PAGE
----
Blogging about the Mob  | American Journalism Review
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From AJR,   December 2012/January 2013

Blogging about the Mob   

A longtime organized crime reporter takes a buyout from the Philadelphia Inquirer and tries his hand at blogging for a new Web site that provides gavel-to-gavel coverage of big trials. A couple of big differences: no editing, and he doesn’t have to resort to ‘expletive deleted.’ ” Fri., December 14, 2012.

By Allison Goldstein
AJR editorial assistant Allison Goldstein (agoldstein@ajr.umd.edu) is a graduate student at the Philip Merrill College of Journalism at the University of Maryland.     


What's an attorney to do when the Philadelphia crime family boss goes on trial, but there are seemingly no news outlets with the time and resources to cover it thoroughly? For big-league Philly attorney Jim Beasley, Jr., head of The Beasley Firm, the answer was easy: Turn the city's 38-year mob expert and organized crime reporter into a blogger for the firm's new site, BigTrial.net.

George Anastasia, longtime organized crime reporter for the Philadelphia Inquirer, retired from the paper after taking a buyout in October. But Anastasia wasn't out of work for long before Beasley convinced the 65-year-old to redirect his efforts to Big Trial.

Both personal interest--Beasley admits to reading the blog with beer in hand--and public interest motivated Beasley's decision to put Big Trial into action. "I think that if something's going on in court, it should be covered," he says. "People should have the opportunity to listen and see what goes on...We're just trying to have fun, let the average person know what's really happening in their court system."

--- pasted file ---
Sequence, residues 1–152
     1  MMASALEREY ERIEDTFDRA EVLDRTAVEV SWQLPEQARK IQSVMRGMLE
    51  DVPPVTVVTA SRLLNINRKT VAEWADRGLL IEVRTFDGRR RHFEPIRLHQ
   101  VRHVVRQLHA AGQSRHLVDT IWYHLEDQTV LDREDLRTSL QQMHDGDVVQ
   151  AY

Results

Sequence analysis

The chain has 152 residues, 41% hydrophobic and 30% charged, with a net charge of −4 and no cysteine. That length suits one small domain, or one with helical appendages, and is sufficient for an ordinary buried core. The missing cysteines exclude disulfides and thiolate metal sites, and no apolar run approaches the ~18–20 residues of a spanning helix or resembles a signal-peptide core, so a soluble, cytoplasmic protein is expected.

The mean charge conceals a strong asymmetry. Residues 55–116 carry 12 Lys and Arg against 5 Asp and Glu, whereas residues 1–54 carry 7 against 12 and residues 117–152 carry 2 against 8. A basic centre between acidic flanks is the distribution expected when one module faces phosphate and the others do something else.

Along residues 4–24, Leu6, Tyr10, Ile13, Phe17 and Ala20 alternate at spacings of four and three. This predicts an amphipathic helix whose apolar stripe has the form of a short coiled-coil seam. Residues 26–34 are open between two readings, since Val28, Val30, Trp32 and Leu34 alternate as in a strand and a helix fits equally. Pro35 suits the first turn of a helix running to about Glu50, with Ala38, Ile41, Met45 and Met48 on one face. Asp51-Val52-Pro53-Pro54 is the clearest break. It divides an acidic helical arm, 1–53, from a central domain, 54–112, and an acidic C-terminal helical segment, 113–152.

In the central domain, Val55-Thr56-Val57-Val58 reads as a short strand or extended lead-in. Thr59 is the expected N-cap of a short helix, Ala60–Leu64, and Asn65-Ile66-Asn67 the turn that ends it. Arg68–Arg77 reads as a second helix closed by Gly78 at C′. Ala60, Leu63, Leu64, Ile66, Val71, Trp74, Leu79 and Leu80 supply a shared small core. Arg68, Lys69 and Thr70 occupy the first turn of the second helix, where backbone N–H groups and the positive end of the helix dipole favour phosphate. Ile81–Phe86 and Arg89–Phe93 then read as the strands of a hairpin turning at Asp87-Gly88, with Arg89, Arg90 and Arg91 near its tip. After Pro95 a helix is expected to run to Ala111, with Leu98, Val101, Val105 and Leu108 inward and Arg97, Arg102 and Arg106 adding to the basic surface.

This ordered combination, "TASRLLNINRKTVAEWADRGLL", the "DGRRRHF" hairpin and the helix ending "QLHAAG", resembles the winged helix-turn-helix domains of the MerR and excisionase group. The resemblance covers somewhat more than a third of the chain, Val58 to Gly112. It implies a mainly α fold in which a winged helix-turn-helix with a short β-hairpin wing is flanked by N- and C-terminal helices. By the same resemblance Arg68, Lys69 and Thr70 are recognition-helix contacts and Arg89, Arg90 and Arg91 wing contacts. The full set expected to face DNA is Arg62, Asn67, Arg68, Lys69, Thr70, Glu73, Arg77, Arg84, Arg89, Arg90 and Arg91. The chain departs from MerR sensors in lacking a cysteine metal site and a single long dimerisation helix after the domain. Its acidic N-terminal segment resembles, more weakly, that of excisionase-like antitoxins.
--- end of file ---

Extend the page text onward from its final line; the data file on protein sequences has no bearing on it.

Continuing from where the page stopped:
Keeping the average person up-to-date on noteworthy trials traditionally may have been part of the Inquirer's repertoire, but in his last years there, Anastasia sensed a reworking of editorial priorities. As newspapers reduce staff and lose resources, a designated mob or crime reporter can become a frill, Anastasia says.

Beasley also noticed a change in traditional courtroom coverage. "There just seems to be a big shift in the way that the press is covering things, and it may be because of funding. It may be that the cost-benefit for them just doesn't get them into the court like they may otherwise want to," he says.

For Anastasia, the cost-benefit of working for Big Trial played a role in his decision to sign on. "I retired to get a little bit of freedom and do some magazine pieces and take a step back. On the other hand, [blogging for Big Trial] is good, interesting work, and there's a good paycheck in it," he says. "And you've got to weigh that, given what's going on in our business,"

So far, Anastasia says, writing for Beasley's Big Trial, which launched in November, hasn't been all that different from his newspaper days.

"I'm doing what I did for the Inquirer, except I'm doing it on a blog. I had never blogged before, so I don't see much difference," he says. "This particular opportunity was to cover a trial for a Web site. They call it a blog, I call it a story."